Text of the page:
I think I found the answer after a little hint by VgAcid above. Notice 2 things, 1st is explanation by VgAcid and 2nd is noticing graphs of chapter on limits :
1) the limit of g at x=3, equals, 3 is equal to 5, but the value of g at x=3 is undefined! They are not the same! That's the beauty of limits: they don't depend on the actual value of the function at the limit. They describe how the function behaves when it gets close to the limit. It means closed-circle (value not defined) does not affect the limits in anyway.
2) We find limits by sliding-along the graph or walking-on the lines of the graph, never by matching x values to y (this is what I was doing). When you slide-along or walk-on the lines of the graph you see from x = 9 to x = 8 and then towards x = 7, graph-line is moving towards y = 4 , graph-line moving towards y = 4 means x is approaching y = 4 (it does not matter if that y = 4 value is excluded, you have to see where the lines on the graph go)
P.S. I think the culprit (at least the associate of culprit) for this confusion is the equal sign (symbol ?) $=$. When we are using $x$ with $limits$ we are using $x \to 7$ but when we are using $g(x)$ we are using $=$: $$ x \to 7, g(x) = $$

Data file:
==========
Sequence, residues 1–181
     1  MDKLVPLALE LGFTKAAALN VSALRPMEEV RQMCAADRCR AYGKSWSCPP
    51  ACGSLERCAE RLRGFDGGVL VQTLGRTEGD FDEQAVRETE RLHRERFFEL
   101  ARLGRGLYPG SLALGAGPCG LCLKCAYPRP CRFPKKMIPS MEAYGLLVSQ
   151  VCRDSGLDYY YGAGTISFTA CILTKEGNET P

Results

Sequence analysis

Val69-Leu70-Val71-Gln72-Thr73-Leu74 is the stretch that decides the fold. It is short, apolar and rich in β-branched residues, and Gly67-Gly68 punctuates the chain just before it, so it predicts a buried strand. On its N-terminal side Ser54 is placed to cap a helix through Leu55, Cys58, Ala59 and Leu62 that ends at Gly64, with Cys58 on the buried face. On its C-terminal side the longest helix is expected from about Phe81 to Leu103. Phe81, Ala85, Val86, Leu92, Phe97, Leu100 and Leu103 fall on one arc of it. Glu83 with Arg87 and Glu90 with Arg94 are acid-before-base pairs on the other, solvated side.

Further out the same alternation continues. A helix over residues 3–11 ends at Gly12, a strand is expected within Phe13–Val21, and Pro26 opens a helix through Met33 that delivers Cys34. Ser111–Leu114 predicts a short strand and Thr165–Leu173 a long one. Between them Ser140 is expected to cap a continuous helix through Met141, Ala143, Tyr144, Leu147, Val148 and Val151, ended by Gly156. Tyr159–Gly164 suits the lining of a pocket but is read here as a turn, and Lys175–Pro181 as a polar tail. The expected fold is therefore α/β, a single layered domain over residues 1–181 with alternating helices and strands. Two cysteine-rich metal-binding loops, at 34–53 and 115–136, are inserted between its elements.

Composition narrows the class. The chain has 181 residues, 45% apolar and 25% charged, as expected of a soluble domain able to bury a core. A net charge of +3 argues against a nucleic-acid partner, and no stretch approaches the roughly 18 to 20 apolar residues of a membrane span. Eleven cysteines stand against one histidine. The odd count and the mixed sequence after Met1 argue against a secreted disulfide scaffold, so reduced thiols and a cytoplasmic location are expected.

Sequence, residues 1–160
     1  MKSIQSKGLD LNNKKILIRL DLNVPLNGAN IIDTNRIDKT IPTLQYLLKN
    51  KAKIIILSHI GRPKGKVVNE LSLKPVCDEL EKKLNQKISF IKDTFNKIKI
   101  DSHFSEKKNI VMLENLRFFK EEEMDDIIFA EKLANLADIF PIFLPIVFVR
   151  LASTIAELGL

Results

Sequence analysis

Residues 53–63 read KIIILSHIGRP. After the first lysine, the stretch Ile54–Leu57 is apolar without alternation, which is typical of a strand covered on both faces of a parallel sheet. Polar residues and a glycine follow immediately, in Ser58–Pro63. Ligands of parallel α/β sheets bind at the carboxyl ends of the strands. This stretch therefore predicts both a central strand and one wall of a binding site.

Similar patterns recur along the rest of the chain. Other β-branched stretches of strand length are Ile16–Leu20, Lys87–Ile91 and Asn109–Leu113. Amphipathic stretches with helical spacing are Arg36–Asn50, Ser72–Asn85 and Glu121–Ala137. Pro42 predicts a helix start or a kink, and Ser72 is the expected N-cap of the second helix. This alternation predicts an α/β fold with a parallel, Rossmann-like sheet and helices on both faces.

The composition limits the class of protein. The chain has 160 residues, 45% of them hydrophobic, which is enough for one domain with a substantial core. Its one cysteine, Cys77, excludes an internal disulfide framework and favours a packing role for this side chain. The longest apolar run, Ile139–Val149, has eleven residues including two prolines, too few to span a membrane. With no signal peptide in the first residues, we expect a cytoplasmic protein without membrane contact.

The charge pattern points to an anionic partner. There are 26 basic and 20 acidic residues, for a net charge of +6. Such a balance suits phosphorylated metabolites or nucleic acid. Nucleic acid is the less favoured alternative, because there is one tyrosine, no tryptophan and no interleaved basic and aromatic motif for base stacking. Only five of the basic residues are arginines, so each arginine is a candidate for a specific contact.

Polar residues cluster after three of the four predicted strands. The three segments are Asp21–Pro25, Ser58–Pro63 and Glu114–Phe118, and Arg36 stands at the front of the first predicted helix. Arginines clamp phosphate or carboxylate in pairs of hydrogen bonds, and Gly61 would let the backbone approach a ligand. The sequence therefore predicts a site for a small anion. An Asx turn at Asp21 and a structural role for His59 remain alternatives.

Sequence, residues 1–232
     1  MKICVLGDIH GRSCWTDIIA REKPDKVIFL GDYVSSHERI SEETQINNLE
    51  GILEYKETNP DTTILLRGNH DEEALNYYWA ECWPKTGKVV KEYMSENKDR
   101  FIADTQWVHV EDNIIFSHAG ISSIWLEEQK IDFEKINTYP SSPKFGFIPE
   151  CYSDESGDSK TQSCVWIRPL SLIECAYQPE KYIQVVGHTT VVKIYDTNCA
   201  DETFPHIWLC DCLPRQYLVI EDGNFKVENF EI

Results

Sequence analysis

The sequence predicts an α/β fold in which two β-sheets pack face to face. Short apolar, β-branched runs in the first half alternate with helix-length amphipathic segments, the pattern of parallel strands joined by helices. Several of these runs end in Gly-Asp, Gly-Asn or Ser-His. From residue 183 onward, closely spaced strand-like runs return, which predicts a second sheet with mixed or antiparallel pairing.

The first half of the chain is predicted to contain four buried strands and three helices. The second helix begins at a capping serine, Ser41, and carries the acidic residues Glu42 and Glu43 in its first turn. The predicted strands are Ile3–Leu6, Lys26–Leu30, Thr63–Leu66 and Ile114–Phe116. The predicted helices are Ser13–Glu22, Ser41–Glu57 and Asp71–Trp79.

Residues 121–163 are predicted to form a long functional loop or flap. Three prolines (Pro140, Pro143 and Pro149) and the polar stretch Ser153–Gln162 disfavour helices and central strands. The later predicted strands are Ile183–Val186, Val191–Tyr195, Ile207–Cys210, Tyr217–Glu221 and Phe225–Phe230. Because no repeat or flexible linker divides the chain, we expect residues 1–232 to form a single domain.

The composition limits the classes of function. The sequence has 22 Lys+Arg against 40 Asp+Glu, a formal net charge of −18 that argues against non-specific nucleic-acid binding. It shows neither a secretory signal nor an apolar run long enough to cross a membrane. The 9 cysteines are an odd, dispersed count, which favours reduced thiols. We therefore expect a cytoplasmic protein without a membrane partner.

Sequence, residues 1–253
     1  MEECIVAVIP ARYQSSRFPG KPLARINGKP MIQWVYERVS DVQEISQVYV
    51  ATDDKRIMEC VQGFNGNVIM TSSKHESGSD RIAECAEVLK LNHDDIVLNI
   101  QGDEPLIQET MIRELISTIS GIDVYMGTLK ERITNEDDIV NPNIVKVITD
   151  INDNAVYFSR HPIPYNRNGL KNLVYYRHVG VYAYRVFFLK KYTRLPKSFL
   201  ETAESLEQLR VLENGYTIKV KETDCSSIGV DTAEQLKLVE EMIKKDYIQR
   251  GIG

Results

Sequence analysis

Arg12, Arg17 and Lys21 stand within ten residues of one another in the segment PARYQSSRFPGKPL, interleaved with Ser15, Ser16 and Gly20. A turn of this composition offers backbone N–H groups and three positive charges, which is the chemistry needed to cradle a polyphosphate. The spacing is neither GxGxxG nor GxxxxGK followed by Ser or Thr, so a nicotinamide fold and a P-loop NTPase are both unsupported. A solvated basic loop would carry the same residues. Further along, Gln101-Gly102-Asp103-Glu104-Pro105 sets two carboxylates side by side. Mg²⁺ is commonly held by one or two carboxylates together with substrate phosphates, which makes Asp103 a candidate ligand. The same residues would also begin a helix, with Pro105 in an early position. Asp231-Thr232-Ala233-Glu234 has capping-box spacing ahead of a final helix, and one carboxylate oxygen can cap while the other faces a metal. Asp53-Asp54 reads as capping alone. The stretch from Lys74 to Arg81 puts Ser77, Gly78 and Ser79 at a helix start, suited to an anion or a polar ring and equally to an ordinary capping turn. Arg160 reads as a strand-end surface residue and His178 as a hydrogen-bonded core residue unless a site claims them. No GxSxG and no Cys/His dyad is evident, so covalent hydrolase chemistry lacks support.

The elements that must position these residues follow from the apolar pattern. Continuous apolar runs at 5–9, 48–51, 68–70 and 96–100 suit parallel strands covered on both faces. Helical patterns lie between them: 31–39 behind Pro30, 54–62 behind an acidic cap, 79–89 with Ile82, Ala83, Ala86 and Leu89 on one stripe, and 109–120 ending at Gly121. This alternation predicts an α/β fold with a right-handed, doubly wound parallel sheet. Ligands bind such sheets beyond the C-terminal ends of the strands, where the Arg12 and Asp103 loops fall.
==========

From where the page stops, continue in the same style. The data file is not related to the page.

We read it as as x approaches 7 then g(x) is equal to , hence the confusion. g(x) may or may not be equal to the value. 2nd, we are interested in $limits$ (opposed to values). $x$ and $g(x)$ are doing the same thing, approaching some value, but using different notation for same cause is the reason behind this confusion. It would have been much better if it had been something like this:
$$ x \to 7, g(x) \to $$
But who I am to say this. Mathematical notation, whatever it is, exists for a reason. Mathematics always a synonym for clarity and terseness. There must be a reason behind using $=$, in same expression, for both assigning values and approaching values.